One last point to make is that I earlier mentioned how Marty had asked why, if one can lose their salvation, there is nothing in the Bible that says that. Well, as I mentioned, there is plenty in the Bible that says that, both directly and indirectly (listen to my talk on “Once Saved, Always Saved?” for scads of Scripture verses), so at one point I turned his question around on him by asking him, why…if salvation by faith alone is the most central dogma of Christianity…why does the Bible nowhere state that we are saved by “faith alone”? To my surprise, they all admitted that the Bible does not directly say we are saved by “faith alone,” which again caused me to just stare in wonder at these guys. Marty believes that the Bible doesn’t say anything about a person being able to lose their salvation (according to his interpretation) and he believes that means that one cannot lose their salvation because it’s not in the Bible; yet, he believes that salvation by faith alone is the central dogma of Christianity, while at the same time admitting that the Bible never actually says that. Fr. Bean and I had front row seats in the theater of the absurd.

I’m writing all of this to point out that even though someone may have more of the Bible memorized than you and they can run circles around you in quoting chapter and verse (and I freely admit that these guys probably have more of the Bible memorized than I do), if you just use a little logic and a little common sense and remember to ask a few basic questions like the ones I mention above, then you will have no problems. The questions I asked did not result from years of study in theology and philosophy. They were just common sense questions. How do you know the Bible is the Bible? How do you know who wrote Mark? Do you have proof that the Inquisition was not in accord with God’s will? Why is your interpretation more valid than mine? Are you infallible? These are questions you can use regardless of what particular topic you may be discussing…Mary, the Pope, Confession, Purgatory, the Communion of Saints, etc.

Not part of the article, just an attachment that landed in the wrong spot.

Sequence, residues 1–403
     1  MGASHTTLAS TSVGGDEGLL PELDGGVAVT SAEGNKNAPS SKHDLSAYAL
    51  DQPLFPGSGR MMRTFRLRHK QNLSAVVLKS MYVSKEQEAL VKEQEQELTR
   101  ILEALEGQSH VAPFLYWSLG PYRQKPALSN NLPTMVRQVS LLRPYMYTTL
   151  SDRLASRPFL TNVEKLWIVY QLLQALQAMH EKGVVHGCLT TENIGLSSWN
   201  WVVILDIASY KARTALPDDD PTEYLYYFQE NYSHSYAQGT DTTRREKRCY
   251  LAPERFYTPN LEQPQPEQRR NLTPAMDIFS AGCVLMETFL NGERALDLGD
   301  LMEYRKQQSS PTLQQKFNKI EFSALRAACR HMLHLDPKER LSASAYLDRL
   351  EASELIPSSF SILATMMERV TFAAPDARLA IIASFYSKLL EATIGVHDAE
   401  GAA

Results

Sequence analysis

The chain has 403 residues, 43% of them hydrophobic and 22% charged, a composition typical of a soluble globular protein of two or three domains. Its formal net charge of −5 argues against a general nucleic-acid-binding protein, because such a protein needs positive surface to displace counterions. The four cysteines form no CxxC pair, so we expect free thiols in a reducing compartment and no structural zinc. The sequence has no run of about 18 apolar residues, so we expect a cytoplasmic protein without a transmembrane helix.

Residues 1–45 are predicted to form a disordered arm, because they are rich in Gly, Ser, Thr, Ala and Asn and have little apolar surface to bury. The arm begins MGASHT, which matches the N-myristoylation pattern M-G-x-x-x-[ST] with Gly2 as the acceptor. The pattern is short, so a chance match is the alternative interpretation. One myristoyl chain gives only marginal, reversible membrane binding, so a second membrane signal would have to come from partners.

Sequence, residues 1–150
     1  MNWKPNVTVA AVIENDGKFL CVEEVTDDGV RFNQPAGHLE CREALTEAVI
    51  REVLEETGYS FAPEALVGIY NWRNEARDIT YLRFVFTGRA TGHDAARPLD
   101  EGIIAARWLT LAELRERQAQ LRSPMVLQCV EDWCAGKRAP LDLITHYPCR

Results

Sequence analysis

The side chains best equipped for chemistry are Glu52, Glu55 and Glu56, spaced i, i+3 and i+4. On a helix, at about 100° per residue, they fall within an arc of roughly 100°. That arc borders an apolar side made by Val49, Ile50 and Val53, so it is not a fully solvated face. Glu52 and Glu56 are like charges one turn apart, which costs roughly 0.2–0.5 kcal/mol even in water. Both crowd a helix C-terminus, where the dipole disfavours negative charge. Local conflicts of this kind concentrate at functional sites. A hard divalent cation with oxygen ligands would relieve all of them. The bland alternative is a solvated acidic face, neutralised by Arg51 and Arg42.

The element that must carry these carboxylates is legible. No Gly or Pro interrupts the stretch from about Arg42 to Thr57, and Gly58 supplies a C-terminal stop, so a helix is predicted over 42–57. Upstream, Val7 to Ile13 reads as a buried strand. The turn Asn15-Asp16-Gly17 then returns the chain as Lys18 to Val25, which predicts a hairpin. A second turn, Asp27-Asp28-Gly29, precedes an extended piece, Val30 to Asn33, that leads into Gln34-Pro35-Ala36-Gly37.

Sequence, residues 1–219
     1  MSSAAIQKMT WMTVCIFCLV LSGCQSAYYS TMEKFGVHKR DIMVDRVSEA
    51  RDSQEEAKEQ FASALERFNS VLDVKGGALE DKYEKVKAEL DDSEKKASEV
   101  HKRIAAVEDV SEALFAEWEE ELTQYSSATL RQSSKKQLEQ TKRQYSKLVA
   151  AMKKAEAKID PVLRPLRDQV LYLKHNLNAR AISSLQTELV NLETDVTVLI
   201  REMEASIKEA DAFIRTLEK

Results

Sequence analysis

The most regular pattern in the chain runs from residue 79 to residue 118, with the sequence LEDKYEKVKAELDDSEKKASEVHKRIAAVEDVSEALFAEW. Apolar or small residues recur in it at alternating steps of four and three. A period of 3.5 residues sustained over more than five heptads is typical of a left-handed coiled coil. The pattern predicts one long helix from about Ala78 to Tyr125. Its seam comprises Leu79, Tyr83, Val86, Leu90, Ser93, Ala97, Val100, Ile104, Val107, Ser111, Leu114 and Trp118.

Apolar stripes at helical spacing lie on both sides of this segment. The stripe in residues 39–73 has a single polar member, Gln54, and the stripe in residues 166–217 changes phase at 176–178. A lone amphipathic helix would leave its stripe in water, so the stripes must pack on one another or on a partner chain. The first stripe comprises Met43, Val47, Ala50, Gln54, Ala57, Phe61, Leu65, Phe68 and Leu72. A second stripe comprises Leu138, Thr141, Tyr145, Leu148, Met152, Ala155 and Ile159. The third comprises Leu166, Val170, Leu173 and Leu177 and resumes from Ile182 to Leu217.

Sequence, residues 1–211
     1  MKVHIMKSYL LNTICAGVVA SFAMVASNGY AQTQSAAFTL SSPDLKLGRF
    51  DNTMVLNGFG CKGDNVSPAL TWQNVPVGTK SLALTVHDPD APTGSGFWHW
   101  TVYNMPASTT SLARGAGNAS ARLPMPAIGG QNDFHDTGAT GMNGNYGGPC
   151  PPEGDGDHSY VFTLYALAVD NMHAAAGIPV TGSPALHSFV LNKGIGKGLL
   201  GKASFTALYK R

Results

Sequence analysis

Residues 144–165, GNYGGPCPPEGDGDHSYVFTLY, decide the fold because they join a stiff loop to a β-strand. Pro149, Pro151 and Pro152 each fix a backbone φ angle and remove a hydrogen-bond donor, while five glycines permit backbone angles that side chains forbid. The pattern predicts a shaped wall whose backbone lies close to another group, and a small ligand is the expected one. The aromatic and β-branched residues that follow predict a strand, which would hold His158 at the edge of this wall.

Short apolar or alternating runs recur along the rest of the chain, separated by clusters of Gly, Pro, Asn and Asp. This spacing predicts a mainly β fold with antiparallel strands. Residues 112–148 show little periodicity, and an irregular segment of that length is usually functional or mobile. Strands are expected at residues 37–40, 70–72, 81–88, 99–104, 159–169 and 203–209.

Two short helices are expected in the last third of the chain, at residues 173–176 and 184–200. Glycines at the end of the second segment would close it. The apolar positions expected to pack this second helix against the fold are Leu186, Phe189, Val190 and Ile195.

Oh, actually, there is one more thing I want to mention. This is killer. Please remember this when talking to anyone who believes in once saved always saved. We were discussing that particular subject and I brought up the parable of the Prodigal Son (Luke 15:11-32). The story talks about a son who was with his father (and the father here is representative of God the Father). In other words, the son was alive, and in his father’s house…he was safe. He was saved. The boy reaches a certain age and basically rebels against his father, asks for his inheritance (asking for the inheritance was basically saying that you view your father as being dead to you – it was a grave insult), and goes off from the father. He twitters away his inheritance on sinful things and ends up repenting and returning to his father. And, what does the father say? Does he say, here is my son who, even though he turned away from me and went and lived a sinful life, he was still my son and never lost his salvation? No! The father says, “For this is my son who was DEAD.”

Again, this is a story where the son represents any one of us, and the father represents God the Father. The son is alive, he is in his father’s house. We could rightfully say he is “saved,” because he is alive and is a member of his father’s household. But, he ends up rejecting his father and turning to sin and squandering his inheritance. How is he then described? As being dead. But, he comes back to life, in the eyes of the father, by repenting and turning back to the father. He was alive, then dead, then alive again. Once saved, always saved? Not happenin’ here.